§ Mr. D. W. Harvey
presented a Petition from Colchester, for a Reduction of Taxes, a Reform of Parliament, Triennial Parliaments, Election by Ballot, a Commutation of Tithes, and relief to the productive industry of the country by a commuted Property-tax, and by applying a portion of the Bishops' revenues to lessening the public burthens, to all of which he cordially and cheerfully subscribed, save the prayer for election by ballot.
§ Mr. Hume
supported the prayer of the Petition, particularly that part of it which requested that voting by ballot might be the principle of reform. That was the only means which could be adopted to check the operation of undue influence at elections, and to enable every man to give a conscientious vote. The hon. Member on a former occasion had stated, that his constituents were averse from election by ballot, but he was probably now convinced of the contrary. If the hon. Member canvassed the country, he would probably find that opinion was in general in favour of this measure, because it was the best means of preserving the popular power.
§ Mr. O'Connell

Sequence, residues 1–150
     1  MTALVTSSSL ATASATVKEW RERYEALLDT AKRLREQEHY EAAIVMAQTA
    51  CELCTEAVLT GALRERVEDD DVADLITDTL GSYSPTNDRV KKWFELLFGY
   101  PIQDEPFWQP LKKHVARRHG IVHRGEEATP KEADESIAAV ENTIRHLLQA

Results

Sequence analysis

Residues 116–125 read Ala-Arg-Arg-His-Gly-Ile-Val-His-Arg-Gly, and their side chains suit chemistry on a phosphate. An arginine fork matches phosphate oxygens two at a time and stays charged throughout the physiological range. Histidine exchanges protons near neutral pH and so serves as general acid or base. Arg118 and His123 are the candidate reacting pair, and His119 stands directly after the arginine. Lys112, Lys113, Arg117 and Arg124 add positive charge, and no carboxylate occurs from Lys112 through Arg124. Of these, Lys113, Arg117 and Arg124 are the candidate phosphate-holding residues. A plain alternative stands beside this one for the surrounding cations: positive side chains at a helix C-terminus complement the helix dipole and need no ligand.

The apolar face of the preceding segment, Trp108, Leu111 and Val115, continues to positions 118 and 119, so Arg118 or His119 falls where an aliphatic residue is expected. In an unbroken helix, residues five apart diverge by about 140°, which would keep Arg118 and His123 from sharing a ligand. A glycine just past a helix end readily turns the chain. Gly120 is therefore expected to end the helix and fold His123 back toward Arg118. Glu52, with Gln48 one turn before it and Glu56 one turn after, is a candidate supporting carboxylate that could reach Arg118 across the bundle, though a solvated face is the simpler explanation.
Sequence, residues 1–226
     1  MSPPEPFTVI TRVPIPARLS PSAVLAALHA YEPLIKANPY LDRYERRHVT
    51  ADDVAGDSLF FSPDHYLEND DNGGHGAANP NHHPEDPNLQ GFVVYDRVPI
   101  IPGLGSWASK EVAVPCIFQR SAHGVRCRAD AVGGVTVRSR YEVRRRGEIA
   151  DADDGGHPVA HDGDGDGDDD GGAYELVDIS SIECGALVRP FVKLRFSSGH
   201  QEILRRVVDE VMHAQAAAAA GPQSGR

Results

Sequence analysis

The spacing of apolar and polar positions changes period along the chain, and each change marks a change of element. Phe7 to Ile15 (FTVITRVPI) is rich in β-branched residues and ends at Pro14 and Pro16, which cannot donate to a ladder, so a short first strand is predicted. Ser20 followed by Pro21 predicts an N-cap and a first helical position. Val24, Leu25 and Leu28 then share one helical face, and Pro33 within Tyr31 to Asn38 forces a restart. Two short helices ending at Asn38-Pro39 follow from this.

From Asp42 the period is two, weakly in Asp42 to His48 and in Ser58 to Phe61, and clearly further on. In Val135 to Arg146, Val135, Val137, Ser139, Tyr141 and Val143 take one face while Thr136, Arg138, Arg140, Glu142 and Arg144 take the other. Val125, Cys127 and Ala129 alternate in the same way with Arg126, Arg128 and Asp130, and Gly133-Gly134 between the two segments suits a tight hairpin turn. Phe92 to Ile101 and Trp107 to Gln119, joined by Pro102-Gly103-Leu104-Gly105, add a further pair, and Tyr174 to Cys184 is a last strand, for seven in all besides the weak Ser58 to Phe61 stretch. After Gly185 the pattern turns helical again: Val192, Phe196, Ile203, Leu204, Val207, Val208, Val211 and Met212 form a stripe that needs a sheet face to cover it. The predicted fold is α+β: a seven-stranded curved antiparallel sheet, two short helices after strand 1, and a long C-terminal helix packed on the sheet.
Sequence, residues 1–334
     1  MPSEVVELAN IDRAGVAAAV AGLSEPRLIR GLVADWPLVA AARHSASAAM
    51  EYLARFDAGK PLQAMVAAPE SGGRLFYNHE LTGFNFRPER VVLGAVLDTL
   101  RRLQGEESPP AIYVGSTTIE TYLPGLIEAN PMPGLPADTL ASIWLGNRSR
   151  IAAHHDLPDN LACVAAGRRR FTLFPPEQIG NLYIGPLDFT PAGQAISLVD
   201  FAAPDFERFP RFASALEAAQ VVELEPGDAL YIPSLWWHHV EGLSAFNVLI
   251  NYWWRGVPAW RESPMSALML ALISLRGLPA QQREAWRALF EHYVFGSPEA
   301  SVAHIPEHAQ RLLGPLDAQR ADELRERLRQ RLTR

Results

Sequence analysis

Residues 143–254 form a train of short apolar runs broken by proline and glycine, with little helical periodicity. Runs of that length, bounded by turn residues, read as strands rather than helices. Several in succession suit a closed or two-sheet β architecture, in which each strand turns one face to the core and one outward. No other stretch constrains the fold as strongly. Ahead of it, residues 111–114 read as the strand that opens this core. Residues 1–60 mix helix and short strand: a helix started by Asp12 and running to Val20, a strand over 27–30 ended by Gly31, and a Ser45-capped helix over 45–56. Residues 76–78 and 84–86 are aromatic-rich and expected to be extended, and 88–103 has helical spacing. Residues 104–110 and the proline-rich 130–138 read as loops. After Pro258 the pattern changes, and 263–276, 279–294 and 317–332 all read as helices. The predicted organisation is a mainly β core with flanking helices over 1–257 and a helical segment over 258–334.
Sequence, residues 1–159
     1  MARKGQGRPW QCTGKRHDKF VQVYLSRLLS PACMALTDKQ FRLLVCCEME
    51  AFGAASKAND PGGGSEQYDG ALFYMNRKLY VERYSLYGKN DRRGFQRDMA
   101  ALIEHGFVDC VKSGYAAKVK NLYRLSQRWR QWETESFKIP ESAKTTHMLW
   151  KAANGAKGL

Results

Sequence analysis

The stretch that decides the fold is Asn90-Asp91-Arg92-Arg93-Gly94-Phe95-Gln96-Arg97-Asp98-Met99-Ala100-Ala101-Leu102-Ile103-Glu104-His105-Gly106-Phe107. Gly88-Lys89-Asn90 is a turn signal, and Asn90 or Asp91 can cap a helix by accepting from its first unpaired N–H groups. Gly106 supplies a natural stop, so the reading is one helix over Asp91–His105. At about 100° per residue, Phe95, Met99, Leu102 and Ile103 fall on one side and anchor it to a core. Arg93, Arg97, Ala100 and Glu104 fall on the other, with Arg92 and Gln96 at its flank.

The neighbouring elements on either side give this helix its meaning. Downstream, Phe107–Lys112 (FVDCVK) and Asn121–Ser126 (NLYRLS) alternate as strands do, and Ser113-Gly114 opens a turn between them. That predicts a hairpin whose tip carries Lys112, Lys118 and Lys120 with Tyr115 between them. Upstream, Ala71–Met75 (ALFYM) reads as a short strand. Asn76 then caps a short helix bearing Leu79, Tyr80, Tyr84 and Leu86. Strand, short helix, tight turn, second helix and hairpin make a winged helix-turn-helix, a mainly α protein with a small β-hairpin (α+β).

also supported this part of the prayer of the Petition, because he knew tradesmen were frequently obliged to vote against their wishes. He had been implored by his constituents not to relax his exertions to obtain voting by ballot, and he should certainly attend to their wishes. He would begin his undertaking by collecting the names of those who supported him on the former occasion.
§ Mr. Harrison Batley
objected to the proposition for voting by ballot, and declared he would always most strenuously oppose it. He should consider such a measure as a fatal blow to the British Constitution.
§ Mr. D. W. Harvey,
in moving that the Petition be brought up, added, that he had certainly stated on a former occasion, that his constituents were averse from voting by ballot, and such was then his belief, but he now found that he was mistaken.
§ Petition to be printed.